HIROSHIMA, Japan --
U.S. Marines from Marine Corps Air Station Iwakuni, traveled to the TK Training Center to participate in the Duamau Tournament, a jiu jitsu competition, in Hiroshima, Japan, Feb. 5, 2017.
Jiu jitsu is an art of weaponless fighting which employs holds and throws to subdue or disable an opponent.
The Marines displayed their hard work and dedication to the sport through competition in their respective weight classes against Japanese locals who they have formed bonds with.
“This was to test all our hard work and time we put in on the mat,” said U.S. Marine Corps Master Sgt. Marcos Martinez, expeditionary fire rescue staff noncommissioned officer in charge with Marine Wing Support Squadron 171. “We do this as a recreational sport, and the competitions are our test to see development.”
While testing progression, the Marines also get a chance to experience and familiarize themselves with the Japanese culture.
"It’s different,” said Martinez. “It’s great to get out and immerse yourself into the Japanese culture through a sport that has its own language. You don’t need to speak Japanese to compete and train with the Japanese. You learn a lot about people and their character through this sport.”
Even through the competitive bouts, Marines and locals give recognition to each other’s efforts and create ties that carry past their matches.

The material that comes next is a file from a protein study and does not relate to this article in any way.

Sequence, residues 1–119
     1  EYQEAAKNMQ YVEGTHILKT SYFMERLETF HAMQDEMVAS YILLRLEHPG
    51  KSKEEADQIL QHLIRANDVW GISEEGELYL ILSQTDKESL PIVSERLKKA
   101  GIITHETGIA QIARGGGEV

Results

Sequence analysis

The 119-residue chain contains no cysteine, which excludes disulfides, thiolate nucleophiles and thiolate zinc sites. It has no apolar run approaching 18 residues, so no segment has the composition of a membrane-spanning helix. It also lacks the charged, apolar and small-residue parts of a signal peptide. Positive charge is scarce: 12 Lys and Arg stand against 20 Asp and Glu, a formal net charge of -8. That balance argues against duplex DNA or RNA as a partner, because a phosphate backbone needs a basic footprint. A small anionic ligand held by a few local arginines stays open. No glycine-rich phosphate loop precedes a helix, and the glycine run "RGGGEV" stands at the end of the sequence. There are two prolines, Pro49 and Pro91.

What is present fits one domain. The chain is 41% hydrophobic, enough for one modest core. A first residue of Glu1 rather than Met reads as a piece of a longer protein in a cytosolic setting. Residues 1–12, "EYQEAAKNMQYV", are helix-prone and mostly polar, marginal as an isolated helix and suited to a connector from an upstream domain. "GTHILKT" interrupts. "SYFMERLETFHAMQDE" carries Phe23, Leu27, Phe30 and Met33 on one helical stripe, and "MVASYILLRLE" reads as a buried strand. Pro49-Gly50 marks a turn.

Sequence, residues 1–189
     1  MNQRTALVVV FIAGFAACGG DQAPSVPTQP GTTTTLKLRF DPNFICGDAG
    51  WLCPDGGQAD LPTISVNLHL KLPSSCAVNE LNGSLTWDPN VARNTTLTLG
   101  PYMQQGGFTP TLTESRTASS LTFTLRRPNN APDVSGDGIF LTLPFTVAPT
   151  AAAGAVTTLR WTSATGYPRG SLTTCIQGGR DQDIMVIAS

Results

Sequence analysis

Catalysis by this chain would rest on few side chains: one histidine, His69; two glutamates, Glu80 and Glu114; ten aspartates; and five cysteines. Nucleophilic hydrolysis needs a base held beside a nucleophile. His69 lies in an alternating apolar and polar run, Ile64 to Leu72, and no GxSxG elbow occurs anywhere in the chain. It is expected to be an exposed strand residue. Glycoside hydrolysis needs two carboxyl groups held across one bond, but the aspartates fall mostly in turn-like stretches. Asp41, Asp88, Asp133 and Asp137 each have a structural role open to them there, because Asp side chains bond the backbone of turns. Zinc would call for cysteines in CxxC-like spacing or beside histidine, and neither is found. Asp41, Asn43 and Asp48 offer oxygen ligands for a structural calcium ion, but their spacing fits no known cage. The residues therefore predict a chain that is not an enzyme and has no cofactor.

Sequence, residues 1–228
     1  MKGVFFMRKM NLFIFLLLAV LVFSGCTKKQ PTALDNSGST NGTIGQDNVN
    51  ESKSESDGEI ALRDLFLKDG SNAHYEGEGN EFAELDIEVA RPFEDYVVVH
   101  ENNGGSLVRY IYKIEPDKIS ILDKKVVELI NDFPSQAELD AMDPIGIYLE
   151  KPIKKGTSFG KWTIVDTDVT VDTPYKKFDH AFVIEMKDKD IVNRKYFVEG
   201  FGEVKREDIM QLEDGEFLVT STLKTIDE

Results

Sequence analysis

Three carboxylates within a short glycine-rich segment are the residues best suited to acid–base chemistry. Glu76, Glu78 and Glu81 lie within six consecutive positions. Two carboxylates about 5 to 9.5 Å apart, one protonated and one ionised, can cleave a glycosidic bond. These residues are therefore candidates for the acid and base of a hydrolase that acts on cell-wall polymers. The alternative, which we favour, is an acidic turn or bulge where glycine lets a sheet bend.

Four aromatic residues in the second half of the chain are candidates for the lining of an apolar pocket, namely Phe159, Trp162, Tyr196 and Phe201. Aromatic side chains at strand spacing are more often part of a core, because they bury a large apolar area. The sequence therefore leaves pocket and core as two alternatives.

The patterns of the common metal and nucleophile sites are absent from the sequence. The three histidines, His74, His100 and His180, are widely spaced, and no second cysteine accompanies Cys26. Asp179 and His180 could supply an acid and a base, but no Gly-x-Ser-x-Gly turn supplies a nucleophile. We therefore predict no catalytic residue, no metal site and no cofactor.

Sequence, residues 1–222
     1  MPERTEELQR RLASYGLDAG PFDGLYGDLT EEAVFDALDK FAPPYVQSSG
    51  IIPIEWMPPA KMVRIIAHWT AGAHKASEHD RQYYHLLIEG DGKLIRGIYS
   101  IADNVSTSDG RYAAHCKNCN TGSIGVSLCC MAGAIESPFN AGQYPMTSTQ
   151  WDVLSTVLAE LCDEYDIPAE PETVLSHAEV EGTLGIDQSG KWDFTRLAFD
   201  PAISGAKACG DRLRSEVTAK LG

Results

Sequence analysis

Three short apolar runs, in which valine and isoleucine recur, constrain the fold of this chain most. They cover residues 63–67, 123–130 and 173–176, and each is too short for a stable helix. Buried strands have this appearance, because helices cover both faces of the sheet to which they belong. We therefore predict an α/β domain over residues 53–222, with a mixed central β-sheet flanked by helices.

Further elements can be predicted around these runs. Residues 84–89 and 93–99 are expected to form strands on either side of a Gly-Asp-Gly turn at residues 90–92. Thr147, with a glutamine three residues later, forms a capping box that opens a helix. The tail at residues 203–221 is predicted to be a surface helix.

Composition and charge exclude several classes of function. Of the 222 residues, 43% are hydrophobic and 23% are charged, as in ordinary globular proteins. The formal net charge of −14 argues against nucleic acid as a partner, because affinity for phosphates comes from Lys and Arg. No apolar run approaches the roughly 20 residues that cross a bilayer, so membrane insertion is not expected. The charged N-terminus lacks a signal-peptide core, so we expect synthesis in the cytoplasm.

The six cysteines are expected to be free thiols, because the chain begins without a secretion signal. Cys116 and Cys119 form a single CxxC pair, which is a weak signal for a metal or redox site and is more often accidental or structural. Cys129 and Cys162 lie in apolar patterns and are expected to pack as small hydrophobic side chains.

“When you join a jiu jitsu family it's more than being a part of a gym,” said U.S. Marine Corps Lance Cpl. Arial Fitzner, postal clerk with Headquarters and Headquarters Squadron. “It becomes a brother or sisterhood. Training and competing with the locals brings us closer together. We shed blood, sweat and tears together, and we develop a special bond that people who don't train would not understand.”
Jiu jitsu is a sport that teaches competitors to respect their opponents and build on the differences.
“I’ve gained a lot of friends,” said Martinez. “Some of the guys I’ve trained with in Hiroshima happen to be part of the Japanese Ground Self-Defense Force and Japanese Maritime Self-Defense Force. They’ve taught me a lot about the culture and have been very hospitable when inviting me to their homes for family events.”
The Marines train hard to win and be the best but keep an open mind in applying jiu jitsu where they can.
“Our mission is to teach life lessons,” said Martinez. “In jiu jitsu you face times where you are put in positions that you have to fight through, which may seem impossible. You find that if you push hard enough you can get past it. In life there are always obstacles stopping us, and taking what you’ve learned through jiu jitsu and applying it to life can help you see past the struggles.”